Science often begins in modest, unheralded places, according to molecular and developmental biologist Dr. Alejandro Sánchez Alvarado, keynote speaker at the Division of Research, Innovation and Impact’s Celebration of Excellence in Research and Creative Activity.
Sánchez Alvarado should know. The executive director and chief scientific officer at the Stowers Institute for Medical Research in Kansas City has spent a good deal of time “trying to understand the extraordinary” by studying the flatworm Schmidtea medierranea found in pond scum.
Sánchez Alvarado leads a Regeneration Laboratory at Stowers, where he and his team study the cellular and genetic mechanisms responsible for regeneration and development. He said the flatworm is a model organism due to its remarkable regenerative abilities. His lab also is studying a new vertebrate model of regeneration, the turquoise killifish Nothobranchius furzeri and the apple snail Pomacea canaliculate, which can regrow its eyes.
“Dr. Sánchez Alvarado is a fellow in the American Association for the Advancement of Science and was elected to the National Academy of Sciences,” said Tom Spencer, MU vice chancellor for research. “I can’t imagine a better person to help mark this occasion as we celebrate Mizzou faculty.”
Sánchez Alvarado has been recognized with many awards and honors, including the 2023 Vilcek Prize in Biomedical Science for the potential his advances offer regenerative medicine for human disease.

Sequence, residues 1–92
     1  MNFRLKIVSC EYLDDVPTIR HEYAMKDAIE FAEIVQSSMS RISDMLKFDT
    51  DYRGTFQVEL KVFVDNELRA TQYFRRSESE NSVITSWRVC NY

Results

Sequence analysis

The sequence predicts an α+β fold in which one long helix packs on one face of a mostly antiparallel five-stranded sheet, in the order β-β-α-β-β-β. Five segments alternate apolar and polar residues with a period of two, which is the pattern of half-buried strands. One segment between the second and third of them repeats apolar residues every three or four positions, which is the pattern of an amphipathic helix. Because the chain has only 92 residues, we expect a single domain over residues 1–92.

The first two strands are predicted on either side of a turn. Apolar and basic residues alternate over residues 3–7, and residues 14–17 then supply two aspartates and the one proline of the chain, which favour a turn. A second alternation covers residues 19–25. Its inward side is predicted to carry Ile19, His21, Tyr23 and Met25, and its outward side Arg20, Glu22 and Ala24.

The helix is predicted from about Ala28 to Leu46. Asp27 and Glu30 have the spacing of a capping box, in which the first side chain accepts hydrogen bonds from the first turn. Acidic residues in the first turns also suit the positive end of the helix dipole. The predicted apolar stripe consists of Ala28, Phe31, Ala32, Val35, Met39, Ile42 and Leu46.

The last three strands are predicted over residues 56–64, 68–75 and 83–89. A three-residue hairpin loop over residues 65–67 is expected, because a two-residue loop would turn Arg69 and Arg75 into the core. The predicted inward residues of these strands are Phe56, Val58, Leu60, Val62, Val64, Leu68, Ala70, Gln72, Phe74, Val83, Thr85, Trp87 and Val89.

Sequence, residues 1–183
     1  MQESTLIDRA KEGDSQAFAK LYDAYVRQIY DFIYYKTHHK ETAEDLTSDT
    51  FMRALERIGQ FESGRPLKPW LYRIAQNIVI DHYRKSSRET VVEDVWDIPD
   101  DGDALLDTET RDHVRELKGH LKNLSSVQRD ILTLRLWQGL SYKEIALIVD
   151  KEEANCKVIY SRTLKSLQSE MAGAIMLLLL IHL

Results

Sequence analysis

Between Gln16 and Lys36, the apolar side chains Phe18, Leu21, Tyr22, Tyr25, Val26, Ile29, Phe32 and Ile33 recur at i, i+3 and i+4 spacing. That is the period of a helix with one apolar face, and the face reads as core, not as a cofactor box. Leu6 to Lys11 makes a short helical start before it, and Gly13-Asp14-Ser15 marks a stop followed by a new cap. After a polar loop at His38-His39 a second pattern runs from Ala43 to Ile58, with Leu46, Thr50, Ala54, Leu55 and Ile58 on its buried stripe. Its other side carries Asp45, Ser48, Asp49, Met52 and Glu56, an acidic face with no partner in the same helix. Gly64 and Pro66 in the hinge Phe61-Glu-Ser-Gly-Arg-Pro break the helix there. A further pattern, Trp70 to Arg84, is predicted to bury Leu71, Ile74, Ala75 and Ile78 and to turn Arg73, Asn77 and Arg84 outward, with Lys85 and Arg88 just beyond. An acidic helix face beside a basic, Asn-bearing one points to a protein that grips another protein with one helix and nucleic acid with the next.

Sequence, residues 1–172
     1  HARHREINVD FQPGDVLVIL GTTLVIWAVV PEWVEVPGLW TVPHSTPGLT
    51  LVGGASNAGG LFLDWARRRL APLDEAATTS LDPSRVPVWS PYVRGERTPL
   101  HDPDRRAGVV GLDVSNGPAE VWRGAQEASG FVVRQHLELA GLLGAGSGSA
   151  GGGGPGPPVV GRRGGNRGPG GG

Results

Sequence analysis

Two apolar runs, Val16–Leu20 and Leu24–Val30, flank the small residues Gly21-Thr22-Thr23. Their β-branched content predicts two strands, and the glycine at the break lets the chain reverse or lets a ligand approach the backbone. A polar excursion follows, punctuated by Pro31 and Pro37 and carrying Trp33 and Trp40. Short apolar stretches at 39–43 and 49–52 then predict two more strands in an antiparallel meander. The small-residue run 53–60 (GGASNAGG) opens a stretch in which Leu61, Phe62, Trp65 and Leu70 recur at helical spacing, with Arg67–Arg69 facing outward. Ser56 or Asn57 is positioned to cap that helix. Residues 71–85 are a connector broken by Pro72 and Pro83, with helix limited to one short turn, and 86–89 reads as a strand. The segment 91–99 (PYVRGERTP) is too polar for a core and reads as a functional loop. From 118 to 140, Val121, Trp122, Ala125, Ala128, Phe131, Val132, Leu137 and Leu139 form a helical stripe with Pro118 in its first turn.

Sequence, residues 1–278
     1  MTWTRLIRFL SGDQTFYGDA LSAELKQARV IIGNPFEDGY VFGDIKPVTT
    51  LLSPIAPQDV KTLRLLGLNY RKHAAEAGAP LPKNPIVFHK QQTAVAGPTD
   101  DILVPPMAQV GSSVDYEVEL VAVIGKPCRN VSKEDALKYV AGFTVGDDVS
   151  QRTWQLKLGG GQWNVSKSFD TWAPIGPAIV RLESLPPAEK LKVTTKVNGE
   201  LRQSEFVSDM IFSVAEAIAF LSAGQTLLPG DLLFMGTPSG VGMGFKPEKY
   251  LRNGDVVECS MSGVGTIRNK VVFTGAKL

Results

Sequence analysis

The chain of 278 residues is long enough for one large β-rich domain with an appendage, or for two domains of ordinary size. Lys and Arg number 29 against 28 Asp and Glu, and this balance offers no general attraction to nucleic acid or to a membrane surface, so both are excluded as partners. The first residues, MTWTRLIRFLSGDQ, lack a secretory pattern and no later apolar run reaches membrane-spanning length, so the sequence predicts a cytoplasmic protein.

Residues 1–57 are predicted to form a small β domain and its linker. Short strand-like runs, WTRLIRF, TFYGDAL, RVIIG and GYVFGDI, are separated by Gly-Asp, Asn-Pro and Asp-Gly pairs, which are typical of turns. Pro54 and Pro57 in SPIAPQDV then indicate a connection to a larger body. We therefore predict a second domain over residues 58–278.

Born in Caracas, Venezuela, Sánchez Alvarado earned his doctorate in pharmacology and cell biophysics at the University of Cincinnati College of Medicine and his bachelor’s degree in molecular biology and chemistry at Vanderbilt University.
A reception, held after Sánchez Alvarado spoke, honored faculty with prestigious and highly prestigious awards conferred by external organizations in 2022.
“MU researchers, scholars and creators show us every day what it means to push the boundaries of human knowledge and understanding, to improve our quality of life and to prepare our students to be future innovators and visionaries,” Spencer said.
Founded in 1994, the Stowers Institute for Medical Research is a nonprofit, biomedical organization with 500 staff members and 17 research programs that focuses on understanding fundamental biological processes and finding new approaches for the diagnosis, treatment and prevention of disease.